In the last four years, the number of people suffering acute hunger rose from 80 million to 135 million people. The pandemic could drive 130 million more people into that state by December 2020, due to a mix of factors including unemployment, declining exports and war.
Many people, mostly in the informal economy or service and manufacturing sectors, have lost their job during the lockdown. According to the International Labor Organization, the pandemic will have caused a loss of working hours in April, May and June equivalent to that of 305 million full-time jobs.
The pandemic also creates challenges for food-importing countries, due to the decline in export revenues and incoming remittances.
In countries already besieged by climate crises and economic instability, the pandemic is making hunger much worse. And this is the same for people trapped in war zones who almost completely rely on humanitarian assistance.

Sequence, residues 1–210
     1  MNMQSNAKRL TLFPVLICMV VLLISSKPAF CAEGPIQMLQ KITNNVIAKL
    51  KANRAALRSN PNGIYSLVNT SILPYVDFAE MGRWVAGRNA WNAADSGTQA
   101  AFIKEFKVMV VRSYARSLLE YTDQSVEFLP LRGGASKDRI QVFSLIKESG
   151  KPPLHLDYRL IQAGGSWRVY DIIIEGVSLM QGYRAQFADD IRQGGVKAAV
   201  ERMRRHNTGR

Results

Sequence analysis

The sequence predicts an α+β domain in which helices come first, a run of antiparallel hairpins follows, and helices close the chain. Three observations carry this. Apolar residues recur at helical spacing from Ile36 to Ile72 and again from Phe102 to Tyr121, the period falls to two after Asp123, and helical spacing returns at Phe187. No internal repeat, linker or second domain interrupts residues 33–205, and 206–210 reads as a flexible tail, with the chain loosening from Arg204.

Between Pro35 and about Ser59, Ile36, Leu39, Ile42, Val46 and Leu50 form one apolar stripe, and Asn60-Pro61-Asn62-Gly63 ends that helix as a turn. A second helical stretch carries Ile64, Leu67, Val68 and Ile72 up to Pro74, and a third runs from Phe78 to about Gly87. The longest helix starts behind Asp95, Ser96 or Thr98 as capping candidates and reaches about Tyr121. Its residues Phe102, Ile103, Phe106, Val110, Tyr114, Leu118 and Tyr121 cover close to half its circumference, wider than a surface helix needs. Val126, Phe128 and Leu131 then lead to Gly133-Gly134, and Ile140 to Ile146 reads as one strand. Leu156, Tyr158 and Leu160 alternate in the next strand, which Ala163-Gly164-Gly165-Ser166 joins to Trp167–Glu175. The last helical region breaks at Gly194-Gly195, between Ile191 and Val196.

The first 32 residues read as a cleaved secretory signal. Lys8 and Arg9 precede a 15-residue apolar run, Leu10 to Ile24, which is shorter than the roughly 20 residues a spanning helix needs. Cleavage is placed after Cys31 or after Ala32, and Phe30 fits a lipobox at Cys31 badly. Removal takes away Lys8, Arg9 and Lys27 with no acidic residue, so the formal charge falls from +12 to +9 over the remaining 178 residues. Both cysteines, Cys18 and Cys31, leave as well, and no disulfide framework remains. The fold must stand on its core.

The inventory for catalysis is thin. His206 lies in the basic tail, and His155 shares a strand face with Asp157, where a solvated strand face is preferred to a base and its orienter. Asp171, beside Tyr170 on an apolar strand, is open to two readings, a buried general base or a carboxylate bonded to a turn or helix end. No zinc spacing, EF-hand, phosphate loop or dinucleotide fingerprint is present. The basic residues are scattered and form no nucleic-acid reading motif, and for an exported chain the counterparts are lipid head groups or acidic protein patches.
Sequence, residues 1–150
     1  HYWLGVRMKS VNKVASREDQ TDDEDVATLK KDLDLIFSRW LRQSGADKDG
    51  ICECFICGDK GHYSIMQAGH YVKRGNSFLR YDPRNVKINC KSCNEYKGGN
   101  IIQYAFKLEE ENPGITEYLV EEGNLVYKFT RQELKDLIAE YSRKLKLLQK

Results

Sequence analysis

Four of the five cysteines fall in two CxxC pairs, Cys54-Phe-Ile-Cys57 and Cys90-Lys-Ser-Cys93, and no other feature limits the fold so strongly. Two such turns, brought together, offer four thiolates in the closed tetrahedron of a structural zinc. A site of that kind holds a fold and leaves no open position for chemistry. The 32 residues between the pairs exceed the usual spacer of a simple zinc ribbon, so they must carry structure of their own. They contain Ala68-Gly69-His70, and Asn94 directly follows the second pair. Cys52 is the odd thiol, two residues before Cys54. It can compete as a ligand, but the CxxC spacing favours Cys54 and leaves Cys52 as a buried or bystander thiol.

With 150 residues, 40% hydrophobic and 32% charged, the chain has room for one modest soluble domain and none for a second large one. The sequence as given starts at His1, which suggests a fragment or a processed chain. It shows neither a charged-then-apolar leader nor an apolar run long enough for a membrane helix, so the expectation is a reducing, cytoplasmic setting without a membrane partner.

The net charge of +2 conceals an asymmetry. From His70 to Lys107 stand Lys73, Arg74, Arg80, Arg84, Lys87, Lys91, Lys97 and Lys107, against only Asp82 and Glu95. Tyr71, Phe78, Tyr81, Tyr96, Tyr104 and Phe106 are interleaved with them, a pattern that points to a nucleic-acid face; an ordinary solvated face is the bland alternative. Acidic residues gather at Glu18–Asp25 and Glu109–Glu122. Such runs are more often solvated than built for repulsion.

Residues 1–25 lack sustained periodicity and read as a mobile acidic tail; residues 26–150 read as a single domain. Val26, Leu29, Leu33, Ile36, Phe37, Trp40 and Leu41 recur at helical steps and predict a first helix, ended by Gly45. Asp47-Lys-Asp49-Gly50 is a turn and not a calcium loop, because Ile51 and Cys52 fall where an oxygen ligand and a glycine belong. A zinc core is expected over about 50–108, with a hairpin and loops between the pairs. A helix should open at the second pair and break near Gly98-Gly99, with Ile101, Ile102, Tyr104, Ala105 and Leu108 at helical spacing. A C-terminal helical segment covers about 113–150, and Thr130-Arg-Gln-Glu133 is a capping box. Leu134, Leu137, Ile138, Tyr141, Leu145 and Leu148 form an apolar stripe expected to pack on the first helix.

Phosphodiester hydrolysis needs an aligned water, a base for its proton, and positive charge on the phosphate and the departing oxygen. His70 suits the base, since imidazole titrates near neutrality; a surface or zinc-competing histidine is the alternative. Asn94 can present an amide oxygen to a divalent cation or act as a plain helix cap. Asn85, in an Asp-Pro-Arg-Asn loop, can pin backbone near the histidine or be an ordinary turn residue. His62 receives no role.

Throughout history, when people have faced wars, natural disasters and unbearable hunger, they have migrated in the hope of finding safety, food and opportunity. Analysis from the World Food Program shows that refugee outflows increase by 1.9 percent for each percentage increase in acute hunger. As acute hunger is set to rise by nearly 50 percent, there is a high probability that we will soon see a wave of refugees leaving their countries and trying to reach the United States and Europe.
Famines are not about food availability; they are about physical and economic access to food. The pandemic has worsened both. Governments need to ensure that the production and supply of food is not disrupted.